Google does an awesome job in creating new signals for itself. Two recent ones have caught my attention:
1. Google Preview: You can see what this looks like here:
Once you enter a search result in, if you click on the magnifying glass you see a preview of the web page before you click through on it and decide to visit it. What is interesting about this is that users will need to move their cursor to the magnifying glass and click on it to see the preview. This is just as much work as it is to click through to the web page and look at it. I can’t imagine that more than a few percent of people will do this.
So why would Google do this? To get a signal. Imagine that 3% of search queries result in someone previewing before clicking through on it. Even the fact that they felt the need to preview it represents a signal. It tells Google that the previewer did not have an immediate sense of brand recognition and wanted to check it out from a distance first. The second signal is the percentage of people who preview a listing that end up clicking on it. The key to both these signals is how your page compares to your competition for these metrics.
From Google’s perspective, this is really valuable data.
2. Goo.gl: Google’s new URL shortener is pretty interesting to. Danny Sullivan did a nice analysis of how this compares to bit.ly. It does seem like a bit of a me too service, so why would Google do this?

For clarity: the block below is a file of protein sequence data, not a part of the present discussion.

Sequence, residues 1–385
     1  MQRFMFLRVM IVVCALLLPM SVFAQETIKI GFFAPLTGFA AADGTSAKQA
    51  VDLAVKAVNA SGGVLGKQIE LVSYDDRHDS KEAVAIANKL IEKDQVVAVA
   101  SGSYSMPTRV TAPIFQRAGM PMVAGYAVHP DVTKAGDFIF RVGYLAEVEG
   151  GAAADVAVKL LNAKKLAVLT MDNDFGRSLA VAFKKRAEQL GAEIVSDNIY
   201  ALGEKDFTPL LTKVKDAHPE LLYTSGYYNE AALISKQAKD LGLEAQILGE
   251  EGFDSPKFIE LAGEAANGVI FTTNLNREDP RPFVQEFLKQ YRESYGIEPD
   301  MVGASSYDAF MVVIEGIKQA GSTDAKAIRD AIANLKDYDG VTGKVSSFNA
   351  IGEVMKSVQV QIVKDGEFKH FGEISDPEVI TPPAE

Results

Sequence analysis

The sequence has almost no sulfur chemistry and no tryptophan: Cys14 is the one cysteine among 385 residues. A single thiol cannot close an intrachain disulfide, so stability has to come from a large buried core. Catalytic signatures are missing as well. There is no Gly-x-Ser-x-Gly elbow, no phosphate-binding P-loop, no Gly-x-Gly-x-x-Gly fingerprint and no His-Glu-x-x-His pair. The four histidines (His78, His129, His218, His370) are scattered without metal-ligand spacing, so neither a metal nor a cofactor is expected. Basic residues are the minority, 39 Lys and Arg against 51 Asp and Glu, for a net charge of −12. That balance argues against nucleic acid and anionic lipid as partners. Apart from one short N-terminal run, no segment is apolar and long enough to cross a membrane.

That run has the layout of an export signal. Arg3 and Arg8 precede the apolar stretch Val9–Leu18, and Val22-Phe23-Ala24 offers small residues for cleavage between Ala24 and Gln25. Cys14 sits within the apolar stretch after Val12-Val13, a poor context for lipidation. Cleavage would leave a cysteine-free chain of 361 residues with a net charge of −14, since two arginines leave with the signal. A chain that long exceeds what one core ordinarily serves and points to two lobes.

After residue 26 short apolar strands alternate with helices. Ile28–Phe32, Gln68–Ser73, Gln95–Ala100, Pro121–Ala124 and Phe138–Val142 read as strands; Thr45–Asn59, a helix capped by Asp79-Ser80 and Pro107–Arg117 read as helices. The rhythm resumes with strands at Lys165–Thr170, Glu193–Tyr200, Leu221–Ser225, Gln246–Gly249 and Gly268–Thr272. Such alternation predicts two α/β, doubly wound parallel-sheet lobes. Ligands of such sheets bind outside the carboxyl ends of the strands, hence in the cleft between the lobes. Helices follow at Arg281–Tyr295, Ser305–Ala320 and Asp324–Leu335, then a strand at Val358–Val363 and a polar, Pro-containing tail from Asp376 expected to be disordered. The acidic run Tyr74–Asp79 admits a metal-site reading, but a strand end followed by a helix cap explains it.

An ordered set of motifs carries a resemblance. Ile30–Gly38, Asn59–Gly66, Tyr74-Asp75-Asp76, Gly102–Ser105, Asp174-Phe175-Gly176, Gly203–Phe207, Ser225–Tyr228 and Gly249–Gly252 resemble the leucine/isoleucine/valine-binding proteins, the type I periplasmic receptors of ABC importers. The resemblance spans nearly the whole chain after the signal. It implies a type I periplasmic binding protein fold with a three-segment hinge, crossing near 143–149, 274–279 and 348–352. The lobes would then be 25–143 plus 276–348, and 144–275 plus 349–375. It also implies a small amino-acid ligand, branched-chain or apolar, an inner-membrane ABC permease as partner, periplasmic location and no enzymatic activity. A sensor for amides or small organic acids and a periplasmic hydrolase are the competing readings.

One thing that Google is looking actively for is data from within social media properties. Social data is already in use as a signal, and they are looking for more of it. The great thing that goo.gl can do for them is give them data on the click history to the destination page of a shortened URL. In fact, this works even if the social site is a walled garden.
Yet again, some more awesome data.
When Google makes these announcements it is always interesting to read a bit between the lines. As readers of my writings know, I believe that Google truly understands the critical nature of protecting their brand through maximizing user satisfaction. More quality signals is a big key to that, so a lot of creative energy at Google will continue to be invested in these types of initiatives.